The Courier News from Blytheville, Arkansas on September 9, 1966 · Page 3
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September 9, 1966

The Courier News from Blytheville, Arkansas · Page 3

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Blytheville, Arkansas
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Friday, September 9, 1966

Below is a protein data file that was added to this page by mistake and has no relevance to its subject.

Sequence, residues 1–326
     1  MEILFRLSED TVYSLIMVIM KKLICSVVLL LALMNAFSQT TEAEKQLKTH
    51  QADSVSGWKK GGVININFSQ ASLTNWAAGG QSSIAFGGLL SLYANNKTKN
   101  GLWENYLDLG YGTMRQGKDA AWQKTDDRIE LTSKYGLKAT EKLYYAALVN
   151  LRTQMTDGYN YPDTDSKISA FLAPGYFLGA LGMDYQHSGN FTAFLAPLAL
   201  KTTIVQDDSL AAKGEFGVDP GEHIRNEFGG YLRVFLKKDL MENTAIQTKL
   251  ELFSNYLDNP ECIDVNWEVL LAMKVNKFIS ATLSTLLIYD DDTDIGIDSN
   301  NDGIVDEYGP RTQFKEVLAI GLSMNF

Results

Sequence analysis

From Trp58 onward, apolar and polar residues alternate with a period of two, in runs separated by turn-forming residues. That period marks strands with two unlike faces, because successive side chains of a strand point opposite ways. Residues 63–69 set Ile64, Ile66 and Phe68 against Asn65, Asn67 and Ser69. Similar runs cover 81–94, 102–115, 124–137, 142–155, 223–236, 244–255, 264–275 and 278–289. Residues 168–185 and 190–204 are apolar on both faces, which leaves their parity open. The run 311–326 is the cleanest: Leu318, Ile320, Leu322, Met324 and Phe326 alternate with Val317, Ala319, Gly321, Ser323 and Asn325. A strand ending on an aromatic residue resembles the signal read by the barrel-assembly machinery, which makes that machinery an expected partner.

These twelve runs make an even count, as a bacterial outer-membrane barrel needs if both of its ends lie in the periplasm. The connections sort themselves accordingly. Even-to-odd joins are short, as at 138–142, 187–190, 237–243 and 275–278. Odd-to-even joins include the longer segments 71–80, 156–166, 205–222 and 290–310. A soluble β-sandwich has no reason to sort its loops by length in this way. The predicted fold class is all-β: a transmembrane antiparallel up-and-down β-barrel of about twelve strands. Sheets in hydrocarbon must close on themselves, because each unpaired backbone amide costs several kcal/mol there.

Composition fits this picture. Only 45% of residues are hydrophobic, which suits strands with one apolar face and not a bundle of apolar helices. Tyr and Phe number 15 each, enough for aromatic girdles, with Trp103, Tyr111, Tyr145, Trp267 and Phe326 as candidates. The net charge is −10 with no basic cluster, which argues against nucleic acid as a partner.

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Blylhevllle (Ark.) Courier News - Friday, September 9, 1968- Page Hirer LBJ Moves To Lift Tax Incentives By EDMOND LEBRETON WASHINGTON (AP) - Amid talk of new taxes and some sharp complaints, Congress moved today to speed consideration of President Johnson's new proposal for fighting inflation by suspending some business ta xincentives. The House Ways and Means Committee announced hearings next Monday on the presidential plan — outlined in a special message Thursday — to suspend for 16 months the 7-per cent tax credit for business gress had been consulted in advance of the message and had assured the President of their cooperation. And Sen. Russell B. Long, D- La., head of the Finance Committee, said that group will consider Johnson's proposals at an early date. The House must act first on the legislation. In his surprise message, Johnson said the stimulus to the equipment improvement needed a few years ago now is overstraining supplying factors and cloging capital markets with spending on equipment and the j excessive demands for credit. tax-advantageous fast depreciation rules on business real estate. The legislation was quickly introduced Thursday by Rep. Wilbur D. Mills, D-Ark., con* mittee chairman, who said the investments. first witnesses will include Secretary of the Treasury Henry H. Fowler, Secretary of Commerce The business tax credit applies not only to equipment and machinery purchased by industry but to such farm production equipment as tractors. It does not, however, apply to livestock The question of troop withdrawal from Europe and other North Atlantic Treaty Organiza- are matters tion problems : more wisely handled" in NATO discussions first. Congressional action on U.S. troops abroad is not necessary at the moment. The administration is seeking each day by available to us' "every means to sound out the Johnson announced his new anti-inflation proposals at a news conference staged Thurs- John T. Connor and Budget I day just as the special message Director Charles L. Schultze. In the Senate, Majority Leader Mike Mansfield announced that Democratic leaders in Con- arrived on Capitol Hill. The conference dealt mainly with economics, but the President made these other points: Daily Record Weather 0, S. Weather Bureau Agricultural servic* Reiser, Ark. Rains are falling over most of Texas this morning and there Dee Markets Opeo Bleb Low Last Chicago Wheat Sept. chances for improved relations with Red China and an end to the war in Viet Nam. No one has communicated anything to the United States on French President Charles de Gaulle's sugestion that America withdraw its forces from Viet Nam. In his message to Congress, Johnson pledged to "cut all fed| eral expenditures to the fullest extent consistent with the well- being of our people." Moreover, he told Congress, bills it has already passed have added about $2.25 billion to the spending authority he requested and pending bills could add almost $4 billion. He said: "When the Congress votes for add-ons to the remaining eight appropriation bills, it must bear in mind that each vote to increase the budget will likely require a vote to increase the revenue later." This plea for restraint in is a possibility this precipitation area will spread into our state late today. A large, cool high pressure system centered over the eastern United States and present forecasts indicate a probability of 10 to 40 percent, with the greatest area of shower probability in the southern United States. Yesterday the mercury only climbed to 78 at Fayetteville for the:lowest maximum in the state. Several stations with 86 tied for the title of the hottest spot in the state. Minimums this morning ranged from 49 at Gilbert to 66 at Texarkana. No rain was reported in the state during the past 24 hours. The five-day outlook, 6 a.m. Saturday to 6 a.m., Thursday, calls for temperatures to average three to six degrees above normal. A little warmer late this week then a little change through Wednesday. Normal highs 84 to 89. Normal lows 59 to 67. Rainfall will average less than .1 of an inch wit hslight chance of showers early part of next week. Due to low probability of showers in the north delta areas agricultural field activities stand a good chance of being able to continue unabated through Saturday. South Arkansas will have a better chance of being wetted so more caution should be exercised in those sections in connection with planned spraying operations. Yesterday's hl?h—85 Overnight low—60 Precipitation previous 24 hours (to 7 ».m. today)—none Pectpltatton Jan. 1 to date—36.50 Sunset today—6:16 Sunrise tomorrow—5:39 This Date A Year Ajro Yesterday's high—S3 Ovenight. low—12 Precipitation Jan. 1 to date—33.45 World Deaths POMONA, Calif. (AP) - Gill Robb Wilson, 73, a pioneer aviator instrumental in fouding the Civil Air Patrol, died Thursday of a bone disease. Wilson, a pilot for 56 years, flew with the Lafayette Escadrille during World War I. WASHINGTON (AP)-Charles L. Ornstein, 72, manager of the Willard Hotel, died Thursday. He was admitted to a hospital Wednesday, three days after hs was injured in an autamobile accident. SAN FRANCISCO (API-William H. Stewart, 83, retired vice president of Bethlehem Steel Corp., died Tuesday Of a heart attack. NASHVILLE, Term. (AP) George Thomas (Dad) Speer, 75, a pioneer of the .All-Night Gospel Sing and leader of the Spew Family, died Wednesday after a long illness. Mar. 189% 196% 203V4 190V4 188% 197Vs 195% 204V4 202% 190V4 197 204 Vi Chicago Soybeans Nov. 320 322'A 319% Jan. 325 3 /4 327% 325 Mar. 330% 333 330V4 New York Stocks Texas G.S.'. 322 327% 332% 78% warnings that budget excesses might require more direct tax boosts — stirred speculation. Some members of Congress wondered whether a general tax increase request already is being prepared for January. Others reassessed the chances of the $1.75-billion poverty bill and the $5.7- billion two-year program of federal help for elementary and secondary schools. Jhrysler 37% , 42% RCA AT&T 51'/4 Dow 61% Xerox 175% 72% Pan Amer 52 Ford 42 Westinghouse 40 7 /s U. S. Steel 37% Curtis Pub 9Vt Comsat 43 5 ,s Amer. Motors 9% Parke Davis 25% Gen. Eleci 81% Beth. Steel 29V 4 Reynolds Tob 35% Standard NJ 64>/ 4 Holiday Inn 35 Ark-La 35% Ark-Mo .....' ll'/4 Divco-Wayne 22% Traffic Accidents Cars driven by McCoy Wilbanks of 1109 Country Club Drive and Roland Davis of 901 Pecan were involved in an accident yesterday at Hardin and Highway 61 North. No charges have yet been placed. spending coupled with talking economy for months. Why hasn't he acted before?" •Sen. Jack R. Miller, R-Iowa, said the proposals prove Johnson was wrong "when he told the people that we could fight the war in Viet Nam and increase the spending for his domestic programs at the same time." * * * Johnson said fiscal action to ease the pressure on money markets, where the government is a huge borrower, should make it possible for the Federal Reserve and the banks to move toward lower interest rates and easier credit. He made a direct appeal to the Federal Reserve Board, which took interest-raising action last December against his expressed wishes, "to cooperate with the President and the Congress to lower interest rates and to ease the inequitable burden of tight money." The message also called on Congress to act promptly on legislation to temper the competition between banks and other thrift institutions for de- posis. As it arrived at the Capitol, the House was passing one version of such legislation, giving regulatory agencies authority to fix interest ceilings at different levels on different kinds of deposits. The House acted, 271 to 68, after rejecting a proposal by Patman for a flat 4% per cent ceiling on certain bank deposits. BOGUS (Continued from Page One) tion. The sheriff said the girl became suspicious when two members of a four person group The poverty bill as now pend- bought theater tickets with a ing is within Johnson's fiscal recommendations, but the education bill is $500 million above the budget. Both measures have had parlamentary troubles and now are being handled under procedures that could make them eligible for House consideration Sept. 26. Johnson's message, however, contained some reassurances for backers of this kind of legislation. He said "a compassionate and mature people will not make the poor carry the burden of fighting inflation. It would be shortsighted to abandon the tasks of educating our children, providing for their health, rebuilding the decaying cities in which they live, and otherwise promoting the general welfare." Businessmen genrally took a sour view of the new presidential plans. "A mistake," said Roger M. Blough, chairman of the U.S. Steel Corp., and William F. Butler, vice president of the Chase Manhattan Bank. "Too little and too late," said the House Republican leader, Rep. Gerald R. Ford of Michigan. "He is saying, in effect, !10 bill but didn't stay to watch ;he movie. She said she wet the bill, which curled up avl discolored. Rice arrested four persons and seized about $700 in phony $10 bills. Two of those arrested—Carrol Lee Casey, 33, of Knobel and William George King, .also of Knobel, were held under $2,000 bond each. A third, Mary Lou Casey, 24. of near Corning, was released without bond. All three were charged with possessing counterfeit money King's 15-year-old wife was arrested also, Rice said. OBITUARY Mrs. Brown Mrs. Luethel Mae Finley Brown, a former resident of Manila, died Tuesday in Southhaven, Mich. She was 60. Mrs. Brown was born at Bowman. She leaves her husband, Rev. James Brown of Southhaven, Mich.; Five sons, J. T. Lloyd, Billy, and Chester Brown, all of Southhaven, and Albert Finley of Camden, Mo.; A daughter, Mrs. Shirley Lee Schemenaauer of Kalamazoo, Mich.; And 21 grandchildren. Graveside services will be held tomorrow at 10 a.m. at Manila Cemetery, with Rev. Glen Lute officiating. Howard Funeral Service is in charge. Mrs. Sarah Miller Services for Mrs. Sarah Miller, 65, will be conducted Sunday at 1:30 p.m. at New Galilee Baptist Church, with Rev. Harvey Preston officiating. North City. B52 camp. CONG ued Iron Page One) sses In some unite, ily ground action re- jy the U. S. military i was a 90-minute fight a company of Ameri- rines and a platoon of ielnmese army regu- 2'A miles south of the alle! demilitarized zone. ines reported killing six ietnamese and taking ualties in the action 18 rthwest of Quang Tri jombers from Guam two targets in a single miles southeast of Sai- y. The planes dumped plosives on two mount north of the port of u, where the Viet Cong ieved to be occupying vation post and a base activity over South Viet ursday, U. S. pilots flew es and claimed destruc- more than 450 enemy s, sampans and forti- tions. South Vietnamese aw 284 sorties. Vietnamese civilians Medical Furlough Extension Refuted LITTLE ROCK (AP) - The state Pardon and Parole Board refused Thursday to extend a medical furlough granted Arnold E. Edens of ParagOuld. Edens, a stock broker sent to prison for embezzlement, has been out of prison since May on the furlough, granted after a doctor said Edens was suffering from a heart condition. Eugene Hale, who handles prison matters for Gov. Orval Faubus, said Edens is scheduled to enter prison again Sept. 17 The 43-year-old Edens was sentenced Feb. 28, 1963, to 12 years in prison for embezzlement. He received an 11-year concurrent sentence for false pretense. Faubus to Speak At Johnson Rally LITTLE ROCK (AP) - Gov. Orval Faubus, target of many Jim Johnson attacks during the primary campaign, accepted Thursday an invitation to speak at the Democratic State Convention here next Thursday. RAGE - Continued from page one Vance Walton. The two were free under bond. .. Several others were arrested on such minor charges as piling to obey a policeman. 3n§ riot began sometime aftejSp policeman shot arid woundtaJMI Negro man he was attempftlj to arrest on an auto tWft charge. .!$£» Carmichael and other S83E3C workers returned to the '..iSjjt scene to hand out "black pojji er" leaflets but met with little enthusiasm from area residents. Ten policemen followed Gaij- michae! from door to door as1» told the residents he did notjat tempt to start the riot and was no responsible for it taking place. > Residents of Summerhilbset up an organization and handed out placards reading "Good Neighbor Club." 5-j Robert McDaniel, 32, chairman of the Good Neighbor Club committee, said residents were posting the signs of their houses to show that they intendedstb work constructively to improve their community and would : ,not Five another wounded when the Viet Cong She leaves her husband,' mined a three-wheel vehicle in Claude Miller; Two sisters, Mrs. Rosie State- wright of Clarendon, and Mrs. Leanna Richardson of Pine Bluff; And four brothers, Frank Boston of Burdette and Freddy, Henry, and Roger Smith, all of Clarendon. Crumpler Funeral Home is in charge. Anthony McNeil Services for Anthony McNeil, Sr., who died in a fire at his home Tuesday night, will be con ducted at 11 a.m. Sunday at Union Grove Baptist Church of Gilmore. Rev. G. C. Limpson will officiate. The body will lie in state at Crumpler Funeral Home Chapel from 7 to 8 Saturday night. , . Mr. McNeil, who was ,95, leaves his wife, Mrs. Early McNeil; Two sons, Bruce McNeil and Anthony McNeil, Jr., both of Chicago; Three daughters, Mrs. Autra Tenn., Mrs. Susie Woodford of Munford, Tenn., and Mrs. Sophronia Lee of Chicago; Two sisters, Mrs. Rosie Henderson of Gary, Ind., and Mrs. Berdia Bowers of Pasadena, Cal.; Eleven grandchildren and two great grandchildren. Sharp Miss Sharp ASH FLAT, Ark. (AP) Marilyn Sharp of Evening Shade was named Miss Sharp County Thursday night at the Sharp County Fair. The 15-year-old Miss Sharp, daughter of Mr. and Mrs. Spelman Sharp, has blonde hair, blue eyes, is 5-foot-3 and weighs 110 pounds. Miss Jo Ann Whitten, daughter of Mrs. Johnnie W. Whitten Bridge Players Get Perfect Hand DEWITT, Ark. (AP) - This was the Week four bridge players at DeWitt got what's rarer :han snow in July—not one, not ,wo, not three but four perfect iridge hands at one table. "We didn't even bid on the land we got so excited," said Mrs. Jack Cato, who reported it. "It really was shuffled and I Tally-Ho Bridge Club. 'The Republicans have been of Evening Shade, was named right all along.' He has been I county forest queen. Titan Leaks; Space Sailors Grounded Alaska a about Wt times the tin of Twafc ,. By HOWARD BENEDICT .. .. . AP Aerospace Writer .. . CAPE KENNED, Fla. (P) — A pinhole leak in the fuel system of the Titan 2 booster rocket today forced a postponement three-day mission. They were of the flight of Gemini 11. The leak was discovered just three hours before astronauts Charles Conrad Jr. and Richard F. Gordon Jr. were to wake up to start preparations for their three-day mission. They were allowed to continue sleeping. The National Aeronautics and Space Administration said a new launch date would not be set until the seriousness of the problem was determined. No decision was expected before noon EST. While there was an outside possibility of a Saturday launching, officials Mid It more likely would be two or more days. I The leak, In the first stage, was first detected by a technician checking ordnance devices on the rocket after Its tanks had been loided with M.70Q gaUoni of fuel and 15.900 gallons of oxidizer. He noted a telltale reddish- brown wisp of vapor that indicated a leak and reported it to the blockhouse. About the same time, it was noted by instruments in the blockhouse. "It was only a pinhole in a welded area," an official said. 'But you can't fly with that type of situation." The hole was so tiny that more vapor than liquid was escaping. The launch crew immediately began dumping the 151 tons of fuel. Then they will have to purge the tanks before technicians can get in for a closer look. If the leak can be repaired by a simple "tire patch" operation from the outside, the rocket could be ready to go in a day «r M, officials said. But if the top of the oxldizer tank has to be removed and a man lowered into the trouble area, a delay of several days is likely, he added. Tbt Titan I «ridizer ta nitro- gen tetroxide. It is needed to provide oxygen for the main fuel, a mixture called aerozine 50, in the void of space. This was the first major problem in the preparations for Gemini 11 — whose Sept. 9 launch date was set several months ago. When the leak developed, the countdown on Gemini ll's Atlas- Agena target rocket on its pad 6.000 feet away was moving smoothly toward an intended 7:48 a.m. EST launching. That count was halted as soon as it was determined that the Titan 2 could not get off today. No leads were dected during a fueling test of the Titan 2 two weeks ago. No leaks were detected during a fueling test of the Titan 2 two weeks ago. Navy Cmdr. Conrad and Navy Lt. Cmdr. Gordon were to have blasted off in pursuit of the Agena satellite at 9:25 a.m., aiming to catch and capture it in the first orbit, setting a record for spaoa rendezvous. another pre-election attack, a spokesman said. * * In a iiamlet three miles north of Saigon, the Viet Cong agents exploded grenades that wounded four persons. Twelve Buddhist monks ducked past the security guard in the streets around the U.S. .Embassy in Saigon to stage a j brief anti-American demonstration. They unfurled banners 50 yards from the building declaring that the U.S. and South Vietnamese governments will be responsible if their leader, TJiich Venerable Tri Quang, dies. The Buddhist extremist chieftain, now in a Saigon clinic, has been subsisting on dextrose solutions for three months to protest military rule in South Viet Nam and U.S. support of the junta. Other monks began a three-day fast Thursday to encourage a boycott of &e election. North Viet Nam's military journal People's Army conceded U.S. military strength, including "a fairly well-developed war industry," but predicted Victory for the Communists. It said the United States was plagued by "confused leadership, uncertain strategy, incompetent commanders, cowardly infantry, a white elephant puppet army, ineffective tactics." Radio Hanoi also broadcast a Foreign Ministry settlement calling the election Sunday a "farce" staged by the United States and "its agents." It said the Communists would not recognize the results. dealt and everything all legal." The hands were dealt Tuesday to Mrs. Cato,, Mrs. Donald Johnson, the party's nominee for governor, will be the main speaker at the two-day convention. The invitation had to be approved by Johnson, who said two weeks ago that he would cooperate in violence. * * + .—:, SNCC lost one of its best- known and most controversial members, Julian Bond, Thursday. The slim Atlanta Negro re- two weeKS ago mat ne woum signed from the militan t organ j. not.ask the governor to help zation of which he had be ^- a jzation of which he had „. him m his campaign against, nlember five years _ SNCC had Republican Wmthrop Rockefeller. "Johnson doesn't have a thing I want," Faubus said. "I just don't want to see Rockefeller elected governor." Faubus said that according to tiie the invitation he will speak at 4 p.m. Thursday. Smugglers Fail To Get Clemency BRASILIA (AP) - Wives of two Arkansans and another man imprisoned on smuggling convictions failed Thursday to win a meeting with the Brazillian justice minister. The women were told that the minister was in Rio De Janeiro and would not return before next week. The women are expected to stay in Brazil until the middle of September. They are Mrs. Sam Sexton Jr. of Fort Smitii, Ark.; Mrs. Joseph McCutchen, also of Fort Smith; and Mrs. Joe Truhill of Addison, Tex. The women are expected to ask the minister of justice for executive clemency for thir husbands, who are serving three-year sentences for smuggling mineral ore out of Brazil and illegally bringing in electrical appliances. The convictions are on appeal. WEST MEMPHIS, Ark. (AP) — Democratic gubernatorial nominee Jim Johnson is sehed- Ray Whiting, Mrs. Johnny I uled to attend a mobile home ' show here Sunday. The show Schallborn and Mrs. Bobby Rowland at the meeting of the is sponsored by Poole Manufacturing Co., owned by Ellis no comment. Twice elected to the Georgia House of Representatives, -and twice excluded after saying he admired the courage of anyone who burned his draft card though he would not burn His own, Bond had served as SNCC publicity director. He said he hopes to become active to the National Association for the Advancement of Colored People, of which he is a member. Poole, friend .and worker .for ohnson during the primary campaign. Services By FUNERAL HOME Inieertt? MRS. DESSIE GARRETT, arrangements incomplete. ', : -. . ROXY THEATRE BIytheville Adm. 25c-50c FRIDAY "I'd Rather Be Rich" with Sandra Dee & Andy Williams "61" Motor Co.. Highway 61 - North, BIytheville, Ark. H